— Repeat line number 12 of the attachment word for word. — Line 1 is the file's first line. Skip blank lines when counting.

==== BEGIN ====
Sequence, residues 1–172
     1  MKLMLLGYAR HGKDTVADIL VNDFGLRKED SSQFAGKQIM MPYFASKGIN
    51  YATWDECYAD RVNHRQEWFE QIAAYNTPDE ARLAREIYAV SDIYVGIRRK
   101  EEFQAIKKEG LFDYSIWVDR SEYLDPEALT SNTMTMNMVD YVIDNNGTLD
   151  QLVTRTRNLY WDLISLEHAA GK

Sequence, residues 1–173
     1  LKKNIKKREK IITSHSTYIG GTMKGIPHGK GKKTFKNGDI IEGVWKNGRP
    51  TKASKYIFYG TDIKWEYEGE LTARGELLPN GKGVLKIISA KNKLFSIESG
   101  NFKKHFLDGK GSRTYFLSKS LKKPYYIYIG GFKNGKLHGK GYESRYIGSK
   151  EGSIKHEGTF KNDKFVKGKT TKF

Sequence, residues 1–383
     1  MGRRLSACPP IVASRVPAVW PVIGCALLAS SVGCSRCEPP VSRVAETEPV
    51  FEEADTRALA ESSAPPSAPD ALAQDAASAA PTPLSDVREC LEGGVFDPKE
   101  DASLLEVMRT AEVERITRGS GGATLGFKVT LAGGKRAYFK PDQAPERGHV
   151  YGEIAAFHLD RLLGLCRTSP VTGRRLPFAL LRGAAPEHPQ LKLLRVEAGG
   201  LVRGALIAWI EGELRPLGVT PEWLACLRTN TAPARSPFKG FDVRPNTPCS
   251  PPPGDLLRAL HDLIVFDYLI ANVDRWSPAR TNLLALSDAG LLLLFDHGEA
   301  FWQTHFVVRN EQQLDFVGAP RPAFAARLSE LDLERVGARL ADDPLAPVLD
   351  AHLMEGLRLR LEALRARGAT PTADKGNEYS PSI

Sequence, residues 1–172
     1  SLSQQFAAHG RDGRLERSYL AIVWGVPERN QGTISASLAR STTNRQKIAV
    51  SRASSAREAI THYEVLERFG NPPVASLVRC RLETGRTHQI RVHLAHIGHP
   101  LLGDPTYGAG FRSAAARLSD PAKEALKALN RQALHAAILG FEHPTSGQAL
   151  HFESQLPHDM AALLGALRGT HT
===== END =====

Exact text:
     1  MGRRLSACPP IVASRVPAVW PVIGCALLAS SVGCSRCEPP VSRVAETEPV